Twitter is getting all sort of high-fives and hosanna’s from techland for its new patent policy. In essence, the company vowed to cede control of patents to the employees who created them and only to use them for defensive purposes. Though both of those policies turn out to be a bit squishier than at first glance.
Whatever happens in actual practice, this move is more symbolic than practical. Yes, it’s a wonderful gesture. And it’s a way of trying to make a statement that Silicon Valley’s patent wars have gotten completely out of hand. But beyond that it’s wishful thinking if you believe many companies are going to follow suit.
Simply put, any public company that made such a move would be crucified by its shareholders. Indeed, it’s quite likely that even a private company like Twitter probably shaved a bit off its valuation today. And should it ever get serious about an IPO, you can bet it will be grilled on this topic by institutional investors.
It’s not that I don’t applaud Twitter for doing what it did. The escalation of litigation surrounding patents among Silicon Valley companies is sickening. Whatever feelings we once attached to the word “patent” have now been completely obliterated. There’s no getting around the fact that patent is one of the dirtiest words in Silicon Valley.
It’s fashionable to blame patent trolls and the federal government for these problems. But the fact is that the problem is largely one created by our very largest and most successful tech companies. They have massively expanded their IP legal teams, and they now file a patent just about every time an engineer sneezes. In a sense, many of them are choking on the very types of wobbly patents they’ve been shoveling out the door.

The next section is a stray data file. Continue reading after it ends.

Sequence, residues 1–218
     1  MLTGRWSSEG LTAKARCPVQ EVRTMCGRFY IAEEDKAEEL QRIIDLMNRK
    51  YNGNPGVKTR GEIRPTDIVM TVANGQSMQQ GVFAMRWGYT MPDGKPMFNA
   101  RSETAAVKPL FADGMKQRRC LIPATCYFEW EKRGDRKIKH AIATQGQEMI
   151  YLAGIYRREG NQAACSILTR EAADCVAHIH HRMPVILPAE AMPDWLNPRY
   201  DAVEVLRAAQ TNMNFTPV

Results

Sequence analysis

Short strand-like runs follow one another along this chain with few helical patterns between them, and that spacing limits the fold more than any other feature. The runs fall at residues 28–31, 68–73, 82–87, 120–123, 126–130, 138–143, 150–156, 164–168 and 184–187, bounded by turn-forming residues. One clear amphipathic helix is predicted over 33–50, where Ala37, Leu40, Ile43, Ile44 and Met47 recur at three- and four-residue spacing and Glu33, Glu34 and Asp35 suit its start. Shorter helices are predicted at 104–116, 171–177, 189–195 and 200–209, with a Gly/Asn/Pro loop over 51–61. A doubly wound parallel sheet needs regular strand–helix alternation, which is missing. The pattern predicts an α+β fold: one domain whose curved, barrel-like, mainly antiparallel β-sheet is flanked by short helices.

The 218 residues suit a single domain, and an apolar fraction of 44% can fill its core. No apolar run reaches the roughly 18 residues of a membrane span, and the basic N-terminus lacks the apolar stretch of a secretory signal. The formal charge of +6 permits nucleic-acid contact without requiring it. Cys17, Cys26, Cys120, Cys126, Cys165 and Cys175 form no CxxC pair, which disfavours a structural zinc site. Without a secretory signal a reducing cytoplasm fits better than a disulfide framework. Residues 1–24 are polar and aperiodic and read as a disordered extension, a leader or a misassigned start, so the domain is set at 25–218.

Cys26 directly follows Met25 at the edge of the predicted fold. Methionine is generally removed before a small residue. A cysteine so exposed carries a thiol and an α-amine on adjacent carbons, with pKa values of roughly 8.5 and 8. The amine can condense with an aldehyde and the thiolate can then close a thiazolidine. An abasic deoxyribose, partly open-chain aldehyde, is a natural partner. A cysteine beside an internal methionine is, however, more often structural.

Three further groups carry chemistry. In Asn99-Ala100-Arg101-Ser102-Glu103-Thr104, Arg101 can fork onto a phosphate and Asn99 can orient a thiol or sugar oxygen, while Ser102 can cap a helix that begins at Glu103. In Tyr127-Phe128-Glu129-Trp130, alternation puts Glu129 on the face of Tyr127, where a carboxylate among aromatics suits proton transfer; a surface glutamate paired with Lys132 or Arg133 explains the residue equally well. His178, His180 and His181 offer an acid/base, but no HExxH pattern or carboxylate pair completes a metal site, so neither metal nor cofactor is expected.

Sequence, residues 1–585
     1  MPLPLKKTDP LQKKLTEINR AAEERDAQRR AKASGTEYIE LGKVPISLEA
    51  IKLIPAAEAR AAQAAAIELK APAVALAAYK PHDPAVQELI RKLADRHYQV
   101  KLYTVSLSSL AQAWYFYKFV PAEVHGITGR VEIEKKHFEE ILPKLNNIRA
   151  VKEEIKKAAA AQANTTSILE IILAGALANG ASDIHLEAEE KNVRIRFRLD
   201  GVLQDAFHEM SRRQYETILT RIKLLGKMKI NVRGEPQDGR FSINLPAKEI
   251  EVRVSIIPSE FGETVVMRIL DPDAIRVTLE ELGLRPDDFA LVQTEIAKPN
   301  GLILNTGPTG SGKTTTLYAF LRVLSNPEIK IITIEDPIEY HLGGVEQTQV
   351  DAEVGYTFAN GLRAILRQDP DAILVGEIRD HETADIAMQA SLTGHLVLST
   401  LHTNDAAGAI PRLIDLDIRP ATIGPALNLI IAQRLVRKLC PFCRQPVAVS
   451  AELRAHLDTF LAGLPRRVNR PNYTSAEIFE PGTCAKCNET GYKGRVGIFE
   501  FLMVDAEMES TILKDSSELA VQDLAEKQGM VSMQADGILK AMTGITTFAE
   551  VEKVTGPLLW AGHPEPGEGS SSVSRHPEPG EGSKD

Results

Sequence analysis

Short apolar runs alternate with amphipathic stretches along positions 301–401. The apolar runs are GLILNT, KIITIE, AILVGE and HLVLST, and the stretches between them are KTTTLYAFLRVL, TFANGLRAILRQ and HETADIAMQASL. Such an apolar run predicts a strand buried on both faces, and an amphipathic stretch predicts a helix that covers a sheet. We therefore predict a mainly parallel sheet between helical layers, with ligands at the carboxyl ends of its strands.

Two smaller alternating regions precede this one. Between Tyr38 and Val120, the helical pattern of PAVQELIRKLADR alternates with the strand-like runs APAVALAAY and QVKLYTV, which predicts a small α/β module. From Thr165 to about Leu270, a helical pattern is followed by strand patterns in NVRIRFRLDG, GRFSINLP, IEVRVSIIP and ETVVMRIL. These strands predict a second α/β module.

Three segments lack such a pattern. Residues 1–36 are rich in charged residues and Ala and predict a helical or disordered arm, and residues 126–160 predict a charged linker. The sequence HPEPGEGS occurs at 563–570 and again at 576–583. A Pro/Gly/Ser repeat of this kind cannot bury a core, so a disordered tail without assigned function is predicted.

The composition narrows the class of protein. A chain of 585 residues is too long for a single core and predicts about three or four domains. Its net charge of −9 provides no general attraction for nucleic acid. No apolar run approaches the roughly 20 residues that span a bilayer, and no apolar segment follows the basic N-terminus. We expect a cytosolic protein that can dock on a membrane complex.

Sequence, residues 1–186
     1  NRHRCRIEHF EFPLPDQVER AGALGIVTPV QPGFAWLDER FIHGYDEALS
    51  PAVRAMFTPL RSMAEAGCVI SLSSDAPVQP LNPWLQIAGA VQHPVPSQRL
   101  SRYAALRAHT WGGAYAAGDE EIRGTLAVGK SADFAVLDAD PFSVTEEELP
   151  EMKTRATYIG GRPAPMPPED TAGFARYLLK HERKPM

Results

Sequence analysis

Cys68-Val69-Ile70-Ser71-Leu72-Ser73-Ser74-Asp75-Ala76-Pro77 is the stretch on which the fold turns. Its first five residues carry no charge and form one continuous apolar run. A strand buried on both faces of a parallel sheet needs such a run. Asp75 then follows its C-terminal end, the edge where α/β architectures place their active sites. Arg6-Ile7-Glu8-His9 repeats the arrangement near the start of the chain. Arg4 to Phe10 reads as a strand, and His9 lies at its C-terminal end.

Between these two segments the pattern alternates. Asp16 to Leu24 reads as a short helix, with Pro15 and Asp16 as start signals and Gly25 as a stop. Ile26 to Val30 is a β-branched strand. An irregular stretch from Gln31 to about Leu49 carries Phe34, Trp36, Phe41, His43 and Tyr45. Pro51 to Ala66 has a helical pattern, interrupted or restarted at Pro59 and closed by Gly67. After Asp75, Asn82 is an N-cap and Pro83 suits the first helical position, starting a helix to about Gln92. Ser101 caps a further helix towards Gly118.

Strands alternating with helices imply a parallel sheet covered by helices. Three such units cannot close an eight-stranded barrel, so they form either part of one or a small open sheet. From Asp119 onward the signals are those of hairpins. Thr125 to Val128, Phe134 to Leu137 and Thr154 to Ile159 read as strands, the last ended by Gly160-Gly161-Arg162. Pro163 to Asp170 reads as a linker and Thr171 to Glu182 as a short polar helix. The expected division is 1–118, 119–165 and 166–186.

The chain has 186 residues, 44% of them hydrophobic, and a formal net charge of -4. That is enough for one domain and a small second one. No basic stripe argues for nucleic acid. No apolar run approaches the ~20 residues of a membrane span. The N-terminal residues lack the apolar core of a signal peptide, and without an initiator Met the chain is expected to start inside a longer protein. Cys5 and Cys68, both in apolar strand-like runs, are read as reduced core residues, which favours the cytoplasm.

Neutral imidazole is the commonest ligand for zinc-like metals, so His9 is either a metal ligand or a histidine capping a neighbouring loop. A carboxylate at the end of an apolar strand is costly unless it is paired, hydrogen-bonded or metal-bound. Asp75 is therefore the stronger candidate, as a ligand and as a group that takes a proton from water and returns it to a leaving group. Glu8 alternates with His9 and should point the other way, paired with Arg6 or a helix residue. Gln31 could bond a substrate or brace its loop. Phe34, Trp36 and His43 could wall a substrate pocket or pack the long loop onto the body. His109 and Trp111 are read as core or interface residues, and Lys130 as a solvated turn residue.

Yes, the U.S. Patent and Trade Office approves questionable patents. But in fairness, you have to recognize that the office has been completely flooded by applications from companies for all sorts of inane items. Patents have become a casualty of a legal arms race, pure and simple. Yes, Steve Jobs was a genius. But do we really think he was worthy of 317 patents? Really?
As big companies have turned patents into weapons of mass destruction, their value has become massively inflated. We saw this in the bidding war for Nortel’s patents. And we saw it this month when Microsoft agreed to pay $1 billion for some of AOL’s patents.
Patents are now assets, plain and simple. And anyone who restricts their own patents in any way, or offers to unilaterally back down, is essentially reducing the value of those assets. And if you happen to be public, it’s quite likely that you’d open yourself to legal problems of another kind in the form of shareholder lawsuits.
I’m not saying that’s right, or fair. It’s sad and depressing to see what is best about the valley, innovation, twisted and bent for darker purposes like legal jousting with competitors.
Twitter made a nice gesture today, but one that will have no impact on the current patent wars. It’s an arena where the demands of business have left no room for ideals.